Cuba, internationalism and African liberation

Oscar Wailoo
Oscar Wailoo

On Nov. 5, 1843, “Black Carlota”, an enslaved African woman, grabbed her machete and led a rebellion against Spanish slave masters in Cuba. Carlota lost her life in a noble but failed cause.
One hundred and thirty-two years later, 650 Cuban volunteers were mobilized and dispatched to the southern African country of Angola in November 1975. Cuba was responding to a request for help by the newly independent Angolan government, which had forced the withdrawal of the Portuguese colonists and was now facing an invasion by apartheid South African forces.
Cuba named its response to the call “Operation Carlota.” The intervention saved Angola’s independence and helped drive a nail into the coffin of apartheid in South Africa.
Angola was being assailed on all sides, from imperialist forces from Zambia, Zaire, and from American CIA-sponsored forces within the country, well coordinated with apartheid South Africa and all well supplied with the best arms the Americans could provide.
According to the late Nobel Laureate Gabriel Garcia Marquez, the Cuban volunteers to Angola included 480 specialists in various fields, a team of doctors and 115 vehicles. Within six months they set up training centres, 16 infantry battalions, 25 mortar batteries and field hospitals.
The South Africans, who outgunned and outmanned the Angolans many times over, were marching inexorably to Luanda, the Angolan capital.
The apartheid nation was about to take control of all of Southern Africa; it had already “inherited” Namibia for more than a century after Germany “lost it” after its defeat in WWI, now they had their sights on Angola, Mozambique and Guinea-Bissau that were fighting for independence from Portugal.
South Africa would extend its apartheid empire across Southern Africa. Cuba and the Angolans ended the apartheid dream by driving them back to Pretoria.
Cuba, strangled by an American trade embargo and under constant threat of invasions by the U.S., scrambled three rickety ships, two modified merchant ships and three old British planes, patched up and held together like the antique cars that ply the streets of Havana.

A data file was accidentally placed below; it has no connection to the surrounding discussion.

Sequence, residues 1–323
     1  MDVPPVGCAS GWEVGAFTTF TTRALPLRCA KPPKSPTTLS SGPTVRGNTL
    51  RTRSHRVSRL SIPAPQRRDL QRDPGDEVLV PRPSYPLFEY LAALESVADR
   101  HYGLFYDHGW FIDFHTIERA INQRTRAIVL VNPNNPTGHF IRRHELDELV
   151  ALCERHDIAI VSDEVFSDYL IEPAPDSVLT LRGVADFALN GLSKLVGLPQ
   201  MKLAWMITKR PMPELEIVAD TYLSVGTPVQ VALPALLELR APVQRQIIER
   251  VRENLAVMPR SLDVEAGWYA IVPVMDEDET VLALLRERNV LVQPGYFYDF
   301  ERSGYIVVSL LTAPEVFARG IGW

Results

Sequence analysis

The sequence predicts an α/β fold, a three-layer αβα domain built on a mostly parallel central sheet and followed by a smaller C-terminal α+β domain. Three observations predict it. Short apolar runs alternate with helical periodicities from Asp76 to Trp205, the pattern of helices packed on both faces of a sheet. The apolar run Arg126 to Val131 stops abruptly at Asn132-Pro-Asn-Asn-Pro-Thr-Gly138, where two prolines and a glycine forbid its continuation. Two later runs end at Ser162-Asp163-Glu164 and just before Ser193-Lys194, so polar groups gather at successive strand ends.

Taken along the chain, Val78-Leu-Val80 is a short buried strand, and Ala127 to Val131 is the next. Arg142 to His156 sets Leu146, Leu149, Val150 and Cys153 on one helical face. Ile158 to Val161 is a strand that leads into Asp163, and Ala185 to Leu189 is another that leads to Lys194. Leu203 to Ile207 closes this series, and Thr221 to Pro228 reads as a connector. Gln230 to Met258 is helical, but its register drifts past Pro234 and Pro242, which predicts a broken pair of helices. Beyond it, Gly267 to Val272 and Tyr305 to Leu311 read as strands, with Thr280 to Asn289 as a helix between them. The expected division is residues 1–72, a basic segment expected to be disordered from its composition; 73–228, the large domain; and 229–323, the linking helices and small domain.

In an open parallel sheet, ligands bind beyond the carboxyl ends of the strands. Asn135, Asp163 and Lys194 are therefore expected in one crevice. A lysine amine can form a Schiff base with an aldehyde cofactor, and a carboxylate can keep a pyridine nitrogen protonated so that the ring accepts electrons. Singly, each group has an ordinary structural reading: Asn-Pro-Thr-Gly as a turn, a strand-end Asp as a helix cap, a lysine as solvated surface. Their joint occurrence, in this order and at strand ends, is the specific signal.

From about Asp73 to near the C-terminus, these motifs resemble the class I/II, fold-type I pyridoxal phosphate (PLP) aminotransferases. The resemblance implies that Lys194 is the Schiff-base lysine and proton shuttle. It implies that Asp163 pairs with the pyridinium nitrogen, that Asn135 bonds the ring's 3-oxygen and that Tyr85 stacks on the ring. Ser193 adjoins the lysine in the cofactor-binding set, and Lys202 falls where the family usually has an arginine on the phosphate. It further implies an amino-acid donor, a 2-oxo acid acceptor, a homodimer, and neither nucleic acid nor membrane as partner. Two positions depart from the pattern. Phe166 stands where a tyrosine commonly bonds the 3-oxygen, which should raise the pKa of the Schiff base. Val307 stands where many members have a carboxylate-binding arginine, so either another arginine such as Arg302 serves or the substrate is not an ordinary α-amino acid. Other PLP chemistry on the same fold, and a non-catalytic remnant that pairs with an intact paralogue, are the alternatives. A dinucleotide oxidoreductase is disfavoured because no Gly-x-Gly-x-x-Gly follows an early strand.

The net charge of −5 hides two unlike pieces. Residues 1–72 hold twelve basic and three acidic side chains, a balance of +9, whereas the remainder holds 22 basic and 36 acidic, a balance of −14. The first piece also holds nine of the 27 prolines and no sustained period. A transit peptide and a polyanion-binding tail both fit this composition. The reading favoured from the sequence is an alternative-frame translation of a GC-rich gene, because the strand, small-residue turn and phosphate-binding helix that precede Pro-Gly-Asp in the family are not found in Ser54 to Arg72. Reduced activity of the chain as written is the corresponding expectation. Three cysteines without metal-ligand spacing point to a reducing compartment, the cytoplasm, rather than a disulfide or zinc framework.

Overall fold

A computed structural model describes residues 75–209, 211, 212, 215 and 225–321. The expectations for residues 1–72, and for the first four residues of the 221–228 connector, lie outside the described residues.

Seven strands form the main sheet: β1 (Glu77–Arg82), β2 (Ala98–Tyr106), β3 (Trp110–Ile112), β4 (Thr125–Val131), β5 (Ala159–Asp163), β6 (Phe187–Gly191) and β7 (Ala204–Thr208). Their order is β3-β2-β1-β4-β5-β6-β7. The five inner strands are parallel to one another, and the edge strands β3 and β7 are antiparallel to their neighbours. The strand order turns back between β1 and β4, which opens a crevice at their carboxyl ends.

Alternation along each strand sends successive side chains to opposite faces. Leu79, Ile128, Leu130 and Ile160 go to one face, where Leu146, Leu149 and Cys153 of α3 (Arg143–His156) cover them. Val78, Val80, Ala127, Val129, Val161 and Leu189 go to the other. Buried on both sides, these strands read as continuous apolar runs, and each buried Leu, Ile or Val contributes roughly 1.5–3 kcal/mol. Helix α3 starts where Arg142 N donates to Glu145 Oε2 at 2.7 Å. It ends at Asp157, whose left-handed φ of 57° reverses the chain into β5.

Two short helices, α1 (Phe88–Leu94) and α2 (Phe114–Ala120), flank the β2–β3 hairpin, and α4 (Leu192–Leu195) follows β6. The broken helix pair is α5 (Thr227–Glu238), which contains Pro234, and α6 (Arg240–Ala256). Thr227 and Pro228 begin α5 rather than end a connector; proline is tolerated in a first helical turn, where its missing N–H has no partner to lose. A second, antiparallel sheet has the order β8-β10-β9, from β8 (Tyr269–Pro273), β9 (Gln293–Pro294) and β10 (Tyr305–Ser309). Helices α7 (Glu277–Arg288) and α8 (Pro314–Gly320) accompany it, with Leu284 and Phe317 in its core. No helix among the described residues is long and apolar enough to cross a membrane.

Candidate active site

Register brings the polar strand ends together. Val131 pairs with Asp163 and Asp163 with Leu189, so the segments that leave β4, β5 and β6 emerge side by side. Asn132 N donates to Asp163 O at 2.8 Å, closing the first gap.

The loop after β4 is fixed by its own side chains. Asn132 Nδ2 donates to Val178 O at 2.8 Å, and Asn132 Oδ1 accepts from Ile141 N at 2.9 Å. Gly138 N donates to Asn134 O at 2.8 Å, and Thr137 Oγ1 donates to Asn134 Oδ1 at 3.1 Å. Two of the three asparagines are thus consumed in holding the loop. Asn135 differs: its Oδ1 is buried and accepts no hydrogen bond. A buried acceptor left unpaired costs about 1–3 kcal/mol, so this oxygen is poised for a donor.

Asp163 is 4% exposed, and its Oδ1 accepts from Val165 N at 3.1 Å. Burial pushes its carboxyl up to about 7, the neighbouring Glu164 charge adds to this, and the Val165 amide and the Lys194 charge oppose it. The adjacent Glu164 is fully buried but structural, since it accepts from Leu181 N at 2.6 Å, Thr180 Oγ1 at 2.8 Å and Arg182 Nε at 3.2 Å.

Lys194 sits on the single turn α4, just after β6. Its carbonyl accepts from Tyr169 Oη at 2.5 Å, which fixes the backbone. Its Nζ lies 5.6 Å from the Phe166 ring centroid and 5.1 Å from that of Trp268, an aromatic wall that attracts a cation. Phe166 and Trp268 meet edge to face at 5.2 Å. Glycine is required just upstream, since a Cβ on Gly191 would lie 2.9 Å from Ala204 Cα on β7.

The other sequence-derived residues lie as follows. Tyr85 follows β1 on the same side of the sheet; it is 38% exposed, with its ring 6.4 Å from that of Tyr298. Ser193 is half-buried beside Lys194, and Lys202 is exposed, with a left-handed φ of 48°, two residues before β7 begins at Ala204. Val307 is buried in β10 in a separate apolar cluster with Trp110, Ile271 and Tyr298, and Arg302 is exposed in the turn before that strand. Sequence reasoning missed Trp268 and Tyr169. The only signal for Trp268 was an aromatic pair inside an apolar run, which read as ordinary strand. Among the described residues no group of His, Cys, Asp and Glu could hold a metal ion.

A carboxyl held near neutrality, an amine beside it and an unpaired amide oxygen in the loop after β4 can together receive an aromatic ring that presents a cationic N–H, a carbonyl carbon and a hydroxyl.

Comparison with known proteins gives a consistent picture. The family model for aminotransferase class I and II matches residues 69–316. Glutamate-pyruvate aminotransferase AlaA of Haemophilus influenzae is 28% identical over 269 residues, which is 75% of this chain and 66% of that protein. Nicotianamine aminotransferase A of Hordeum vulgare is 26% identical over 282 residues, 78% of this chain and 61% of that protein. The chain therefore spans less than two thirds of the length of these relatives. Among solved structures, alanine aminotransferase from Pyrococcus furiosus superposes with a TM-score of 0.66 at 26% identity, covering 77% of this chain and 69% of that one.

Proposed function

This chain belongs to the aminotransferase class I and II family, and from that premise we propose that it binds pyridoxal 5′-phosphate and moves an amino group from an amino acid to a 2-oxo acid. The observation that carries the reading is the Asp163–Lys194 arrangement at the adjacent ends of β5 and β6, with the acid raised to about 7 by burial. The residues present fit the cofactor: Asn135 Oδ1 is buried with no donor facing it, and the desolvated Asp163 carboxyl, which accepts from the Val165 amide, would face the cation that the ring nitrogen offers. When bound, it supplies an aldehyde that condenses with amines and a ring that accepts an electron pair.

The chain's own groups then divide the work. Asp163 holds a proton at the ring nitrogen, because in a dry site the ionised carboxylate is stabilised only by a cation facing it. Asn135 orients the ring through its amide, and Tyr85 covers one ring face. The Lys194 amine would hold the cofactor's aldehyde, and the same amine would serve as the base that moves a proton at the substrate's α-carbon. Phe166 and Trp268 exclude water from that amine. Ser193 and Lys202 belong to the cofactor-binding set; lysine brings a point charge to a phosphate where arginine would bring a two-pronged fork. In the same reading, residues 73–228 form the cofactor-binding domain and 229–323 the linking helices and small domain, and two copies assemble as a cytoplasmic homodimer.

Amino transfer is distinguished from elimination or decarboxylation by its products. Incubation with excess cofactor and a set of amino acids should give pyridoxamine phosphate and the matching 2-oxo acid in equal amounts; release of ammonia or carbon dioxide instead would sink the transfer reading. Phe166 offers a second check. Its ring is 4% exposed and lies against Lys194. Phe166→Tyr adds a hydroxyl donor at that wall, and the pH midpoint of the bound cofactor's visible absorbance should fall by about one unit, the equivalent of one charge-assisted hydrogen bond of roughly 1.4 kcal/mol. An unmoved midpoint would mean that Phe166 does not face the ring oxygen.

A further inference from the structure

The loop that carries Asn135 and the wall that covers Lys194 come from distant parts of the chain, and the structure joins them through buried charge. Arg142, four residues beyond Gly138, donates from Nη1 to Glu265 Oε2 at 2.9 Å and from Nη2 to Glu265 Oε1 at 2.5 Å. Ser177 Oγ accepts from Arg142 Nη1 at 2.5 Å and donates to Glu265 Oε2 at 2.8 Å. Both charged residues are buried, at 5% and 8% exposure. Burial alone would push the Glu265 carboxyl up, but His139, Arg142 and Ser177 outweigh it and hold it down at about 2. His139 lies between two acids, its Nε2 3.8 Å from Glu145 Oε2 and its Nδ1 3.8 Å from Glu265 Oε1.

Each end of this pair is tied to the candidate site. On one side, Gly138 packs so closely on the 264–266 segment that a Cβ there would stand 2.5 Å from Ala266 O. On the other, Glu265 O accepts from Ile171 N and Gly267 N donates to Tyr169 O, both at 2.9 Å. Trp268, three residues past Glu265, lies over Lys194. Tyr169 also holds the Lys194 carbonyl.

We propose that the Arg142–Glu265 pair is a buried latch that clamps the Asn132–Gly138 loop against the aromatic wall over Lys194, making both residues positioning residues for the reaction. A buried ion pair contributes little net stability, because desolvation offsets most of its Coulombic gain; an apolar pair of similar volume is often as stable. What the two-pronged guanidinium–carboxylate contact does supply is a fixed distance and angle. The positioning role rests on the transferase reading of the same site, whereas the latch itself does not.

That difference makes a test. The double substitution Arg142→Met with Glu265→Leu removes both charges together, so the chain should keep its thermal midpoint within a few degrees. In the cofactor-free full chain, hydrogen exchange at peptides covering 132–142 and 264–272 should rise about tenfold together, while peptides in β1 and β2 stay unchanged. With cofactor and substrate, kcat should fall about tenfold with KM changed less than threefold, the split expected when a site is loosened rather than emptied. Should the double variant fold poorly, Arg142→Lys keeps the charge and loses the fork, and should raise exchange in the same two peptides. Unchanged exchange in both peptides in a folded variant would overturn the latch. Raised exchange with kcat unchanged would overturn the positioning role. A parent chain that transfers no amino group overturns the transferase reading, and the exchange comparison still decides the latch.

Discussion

The Cuban military assistance to Angola was not merely a sudden burst of revolutionary enthusiasm, it followed from a fundamental principle of Cuban internationalism enunciated with the successful revolution of 1959.
Historian Isaac Saney of Dalhousie University wrote, “The Cuban leadership justified the military intervention as both defending an independent country from foreign invasion and repaying a historical debt owed by Cuba to Africa. Fidel Castro frequently invoked Cuba’s historical links to Africa. On the fifteenth anniversary of the Cuban victory at Playa Girón (Bay of Pigs), he declared Cubans ‘are a Latin-African people.’
“Jorge Risquet, Havana’s principal diplomat in Africa from the 1970s to 1990s, was also unambiguous in explaining Cuba’s military intervention in terms of Cuba’s obligations to Africa and this linkage resonated especially with Black Cubans who were able to make a symbolic connection with their African roots.”
Cuba had been in touch with the People’s Movement for the Liberation of Angola (MPLA) since 1965. Che Guevara was active in the independence struggle in the Congo against the Belgian colonizers. In truth Cuba has never failed to come to the aid of any African liberation struggle that asked for its help.
Illustrating that, Nobel Laureate Marquez listed Mozambique (since 1966), Guinea-Bissau (since 1965), Cameroon, Sierra Leone, and Algeria during a failed French attempt to reverse Algeria’s independence war.
For a period of 26 years, nearly 400,000 Cubans fought shoulder to shoulder with Africans at enormous economic and human cost to Cuba, a country that was the victim of American military abuse and a trade embargo, the cost of which is almost beyond calculation.
Cuba’s international dealings have approximated the highest ideals of true internationalism right down to its magnificent response to the recent ebola crisis and the 2010 Haitian earthquake. And all the nations that benefited from Cuba’s altruism have remained grateful and ongoing supporters of Cuba’s struggle to remain independent and chart its own social and economic course.
This past Remembrance Day, Canada rightly paused to remember the valour of our soldiers and sacrifices they made in the two great wars. However, we should also remember that Canada was hardly on the side of liberation when it came to the independence struggles of the colonies of the empire on whose behalf we fought.
We should examine the full spectrum of our past behaviour beyond European wars. The true record will show we come a distant second to Cuba’s spirit and history of internationalism and solidarity with the peoples who need it.